View Full Version : Would you say something?

Oct. 12, 2009, 04:53 PM
Here's the scene - and yes, under an alter so I don't get recognized.

At a C show this weekend to get some jumper experience. They have these shows every six weeks or so. They start at 2'6" and max out at 3'3". Lots of really scary 3' rounds, including some jumpoffs that made me want to cry.

But, here's the big thing. At every one of these shows, this father-daughter team show up with their little eventing pony. Cute pony, jumps its guts out. But they proceed to show this poor little pony in NINE classes per day! As in, the start at the 2'9" classes, and do all the classes from there through the 3'3" classes.

And its not a good ride either - this girl (wearing a safety vest, btw) simply runs the pony at every dadgum jump. Finally at 3'3" yesterday, the pony started to give out. It just couldn't jump itself out of the horrible spots this kid put it into. In the next to last class, the pony stopped twice, once in the middle of the one-stride, because it simply knew it couldn't save itself. But of course, that didn't stop Daddy and his girl - they went, jumped another five warm-up jumps, and then took the pony BACK IN to make it scramble another round.

I don't get this - it's not like its a different course when they raise the jumps. It's the same three courses every dang time, just raising it up.

At what point could/should someone say something? I seriously thought about calling the steward. I've thought about it several times at these shows, especially when the temperature has been in the 90's, and the pony just looks exhausted.

I'm just frustrated that this little pony is getting worn down, and eventually he's going to have a really bad stop, and someone is going to get really hurt.

My flame suit is on, so let me know what you think......

S A McKee
Oct. 12, 2009, 04:56 PM
I guess this is a replay of the recent thread on overshowing??

If it was a USEF rated show you can speak with the steward.

As it seems you were upset I'd hope you did exactly that. If you didn't then it's too late now so what's the point of the thread?

Oct. 12, 2009, 04:59 PM
Were you at Sedgefield, KingoftheRoad?

Oct. 12, 2009, 05:07 PM
As it happens, I was. And the reason for the thread is because I've seen this happen at least the last two of these shows I was at, and I'm sure it will happen again at the next one, so I'm trying to figure out if I should say something or not.


Oct. 12, 2009, 06:01 PM
I actually came across the same issue in my city. A couple people approached the stewards after a girl showed her horse in four bigger classes. (two 1.15s and two 1.20s) and they were essentially brushed off with the steward telling them not to be petty just because the girl was winning.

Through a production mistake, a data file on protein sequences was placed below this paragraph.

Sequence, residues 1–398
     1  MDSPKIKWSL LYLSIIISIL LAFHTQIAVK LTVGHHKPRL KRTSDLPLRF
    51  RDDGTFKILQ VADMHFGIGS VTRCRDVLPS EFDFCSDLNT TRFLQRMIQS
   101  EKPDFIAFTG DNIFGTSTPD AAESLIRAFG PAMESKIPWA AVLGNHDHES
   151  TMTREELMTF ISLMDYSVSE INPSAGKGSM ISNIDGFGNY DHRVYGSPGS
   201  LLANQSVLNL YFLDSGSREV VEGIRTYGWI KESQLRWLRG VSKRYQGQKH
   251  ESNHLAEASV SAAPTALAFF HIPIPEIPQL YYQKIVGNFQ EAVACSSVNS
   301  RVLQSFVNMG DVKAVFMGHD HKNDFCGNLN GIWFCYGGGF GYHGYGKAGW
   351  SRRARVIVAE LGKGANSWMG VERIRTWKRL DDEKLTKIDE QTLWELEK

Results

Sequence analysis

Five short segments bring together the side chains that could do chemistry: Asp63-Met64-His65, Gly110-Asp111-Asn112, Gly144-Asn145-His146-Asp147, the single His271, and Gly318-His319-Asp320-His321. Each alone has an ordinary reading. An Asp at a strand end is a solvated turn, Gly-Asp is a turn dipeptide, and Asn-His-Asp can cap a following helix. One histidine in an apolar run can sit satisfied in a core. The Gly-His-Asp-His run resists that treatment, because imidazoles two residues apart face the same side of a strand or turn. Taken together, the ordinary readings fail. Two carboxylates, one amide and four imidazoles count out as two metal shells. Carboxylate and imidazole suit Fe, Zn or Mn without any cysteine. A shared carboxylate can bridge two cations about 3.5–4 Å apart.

Personally I understand where youre coming from. Horses already do enough for us as it is, pushing them to the point of exhaustion is unacceptable in my books.

Oct. 12, 2009, 06:32 PM
As incorrect as you think that it may be for the girl to jump her pony around so much, I don't know that it would be worth saying anything. Chances are that the steward won't or can't do anything about it, and unless it is stated in the prize book that you can only enter [x] amount of classes, there unfortunately wouldn't really be official grounds for comments. With that said, I personally think that 9 classes a day is a tad bit too much.

Oct. 12, 2009, 06:48 PM
I hate to see this happen. Unfortunately there are people out there that don't understand what they are doing. It upsets me too!! You could try saying something just to make you feel like you tried to stop it but I don't know if anything could be done. However, maybe if it is even just brought to the owner's attention they will recognize how wrong it is and take it easy next time. It's worth a try because seeing something as irresponsible as this shouldn't put a damper on your show, it should never happen! :(

Oct. 12, 2009, 06:53 PM
well, our local associations have a 7 jumping class per day limit...sounds like you should bring that up to your local assoaciation.

Oct. 12, 2009, 06:59 PM
Perhaps suggesting a rule change to the appropriate committee or management person would help. You can always contend that cross entering every division seems a bit... unsporting.

Personally, I would say something to the steward; I believe that we have rules about the welfare of the horse as well as sportsmanlike behavior that they could invoke if they chose.

This is the form that is used: http://www.usef.org/documents/competitions/EyewitnessAbusRpt.pdf

Oct. 12, 2009, 08:23 PM
Are you a pro by chance? Do these people come with a trainer?

Maybe they just don't know better, don't have any help and need some guidance. Maybe you could approach them next time, compliment the pony, make a statement about the appropriate fence height, give them your card and HELP THEM!!